UK Ends "Zero Tolerance"

"Nothing could more vividly dramatise reaffirmation of our belief in freedom and personal responsibility than to move clearly in favour of liberalising the law on cannabis."
-– Peter Lilley, former deputy leader of Britain's Conservative Party, July 5, 2001

As police in the Brixton area of London begin a 6-month experiment in marijuana decriminalization in an effort to conserve limited resources, a nationwide call for the legalization of marijuana gathers momentum across the political spectrum and in the court of public opinion.

July 1 (UK) -- The Times reports: Britain's first drugs czar, Keith Hellawell, has softened his hard line on cannabis, saying that he no longer believes it necessarily leads on to harder drugs. In a significant U-turn, the anti-drugs co-ordinator, who was sidelined by David Blunkett, the home secretary, last month, said: "I do not believe it's a gateway drug."

The shift signals an end to Britain's apparent "zero tolerance" of soft drugs, coming only days after Blunkett endorsed a police experiment to let off people caught in possession of cannabis with only a warning.

July 2 (UK) -- The Times reports: Pro-Cannabis campaigners were given a double boost yesterday when Mo Mowlam, former head of the Government's anti-drug policy, called for it to be legalised and her senior adviser (Keith Hellawell) agreed that he could be wrong about links to heroin or cocaine.

[Mowlam], who said last year that she had tried cannabis at university, said: "From my time with the Government's drug policy I have come to the conclusion that we must decriminalise cannabis. It is a view I know that many in the police, social workers and others working with cannabis smokers fully agree with," she said.

She called for an inquiry into how to decriminalise the drug. Dr Mowlam said it would be "totally irrational to decriminalise cannabis without looking at the sale of it" adding: "It would be an absurdity to have criminals controlling the market in a substance people can use legally."

July 4 -- The United States of America celebrates the 225th anniversary of the Declaration of Independence- a document originally drafted on hemp paper declaring the formal separation of the American colonies from tyrannical British rule.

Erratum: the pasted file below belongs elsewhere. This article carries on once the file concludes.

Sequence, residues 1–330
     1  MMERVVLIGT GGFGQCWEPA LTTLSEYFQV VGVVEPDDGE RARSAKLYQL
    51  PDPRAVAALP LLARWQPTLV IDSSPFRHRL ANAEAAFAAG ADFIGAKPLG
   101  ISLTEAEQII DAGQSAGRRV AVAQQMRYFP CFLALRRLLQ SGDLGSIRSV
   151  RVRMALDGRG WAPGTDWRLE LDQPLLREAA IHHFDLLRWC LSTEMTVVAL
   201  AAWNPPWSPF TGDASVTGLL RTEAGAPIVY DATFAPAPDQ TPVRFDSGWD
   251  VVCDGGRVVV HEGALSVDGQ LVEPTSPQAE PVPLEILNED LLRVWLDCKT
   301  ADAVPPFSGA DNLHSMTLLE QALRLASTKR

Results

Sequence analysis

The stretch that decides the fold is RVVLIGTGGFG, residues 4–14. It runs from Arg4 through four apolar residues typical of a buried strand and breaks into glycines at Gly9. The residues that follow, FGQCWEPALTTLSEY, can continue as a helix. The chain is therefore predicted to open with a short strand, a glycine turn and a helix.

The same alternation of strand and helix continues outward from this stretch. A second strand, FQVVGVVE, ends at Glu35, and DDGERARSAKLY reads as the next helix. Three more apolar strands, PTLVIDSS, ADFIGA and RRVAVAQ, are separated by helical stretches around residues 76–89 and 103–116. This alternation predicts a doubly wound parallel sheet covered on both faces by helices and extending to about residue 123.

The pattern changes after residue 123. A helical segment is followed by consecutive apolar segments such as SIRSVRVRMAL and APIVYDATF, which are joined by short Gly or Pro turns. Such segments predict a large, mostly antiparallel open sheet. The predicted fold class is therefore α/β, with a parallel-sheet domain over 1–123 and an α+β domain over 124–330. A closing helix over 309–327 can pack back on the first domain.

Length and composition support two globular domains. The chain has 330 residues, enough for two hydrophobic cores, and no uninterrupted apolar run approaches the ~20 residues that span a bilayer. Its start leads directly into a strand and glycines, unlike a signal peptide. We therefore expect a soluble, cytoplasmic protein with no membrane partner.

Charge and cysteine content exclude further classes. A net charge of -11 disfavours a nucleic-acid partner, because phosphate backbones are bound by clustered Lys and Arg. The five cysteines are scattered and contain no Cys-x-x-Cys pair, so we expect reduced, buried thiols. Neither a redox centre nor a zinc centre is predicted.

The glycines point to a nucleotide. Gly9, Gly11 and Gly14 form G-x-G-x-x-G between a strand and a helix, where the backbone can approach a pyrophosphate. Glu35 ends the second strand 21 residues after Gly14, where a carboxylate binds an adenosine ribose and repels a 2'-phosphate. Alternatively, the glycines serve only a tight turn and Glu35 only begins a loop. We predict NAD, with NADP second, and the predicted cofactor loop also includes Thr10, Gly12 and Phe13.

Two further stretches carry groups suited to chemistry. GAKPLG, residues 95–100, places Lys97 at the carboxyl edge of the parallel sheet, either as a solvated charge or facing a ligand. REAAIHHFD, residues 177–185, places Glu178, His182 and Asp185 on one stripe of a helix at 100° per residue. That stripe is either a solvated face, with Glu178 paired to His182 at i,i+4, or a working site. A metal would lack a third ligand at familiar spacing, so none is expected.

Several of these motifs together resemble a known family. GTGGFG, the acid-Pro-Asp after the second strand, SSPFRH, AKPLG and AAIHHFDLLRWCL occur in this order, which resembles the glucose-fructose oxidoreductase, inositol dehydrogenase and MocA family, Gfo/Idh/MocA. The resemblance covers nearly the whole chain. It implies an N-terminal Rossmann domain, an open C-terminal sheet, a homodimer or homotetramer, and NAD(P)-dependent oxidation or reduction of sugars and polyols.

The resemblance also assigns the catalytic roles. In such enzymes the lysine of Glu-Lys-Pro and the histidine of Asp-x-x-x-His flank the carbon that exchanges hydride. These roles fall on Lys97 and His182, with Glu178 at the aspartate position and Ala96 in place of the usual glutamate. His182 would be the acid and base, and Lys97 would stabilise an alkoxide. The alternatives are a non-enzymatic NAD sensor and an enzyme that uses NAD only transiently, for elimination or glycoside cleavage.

July 6, (UK) -- The New York Times reports: The former deputy leader of Britain's opposition Conservative Party called on Friday for cannabis to be legalized in Britain and sold in special outlets. Peter Lilley, a right-winger who served in the cabinets of former Prime Ministers Margaret Thatcher and John Major, said a rethink on cannabis would show "bold new thinking" by the Conservatives and help the party recover from the election mauling it suffered in June.

"The present laws have palpably failed. Nearly half of young people try cannabis and more than a million people flout the law every month," he said. His stance is at odds with that of most Tories, particularly the hardline view of shadow Home Secretary Ann Widdecombe, who told BBC radio on Friday: "The current position of the Conservative party is that we are opposed to legalization."

Widdecombe last year called for the party to adopt a "zero tolerance" policy on cannabis and fine anyone caught in possession of the drug. The idea was dropped after seven leading Conservatives admitted they had smoked cannabis themselves.

July 8, (UK) -- The Sunday Times reports: Two former home secretaries (Lord Jenkins and Lord Baker) said yesterday that possession of cannabis should be decriminalised amid signs from the Home Office that change may be contemplated during the course of this parliament.

A third former home secretary, Lord Waddington, said he would regard decriminalisation as a "minor step."

At present cannabis is a category B drug, as defined by the 1971 Misuse of Drugs Act. Those caught in possession can be arrested and face a prison sentence of up to five years.

July 8, (UK) -- The Independent reports the results of a new nationwide poll: The survey, by NOP Research, shows that almost half the British people -- 49 percent -- are in favour of legalising cannabis or have no strong views against it. A narrow majority -- 51 percent -- still opposes legalisation.

Kevin Nelson can be reached at

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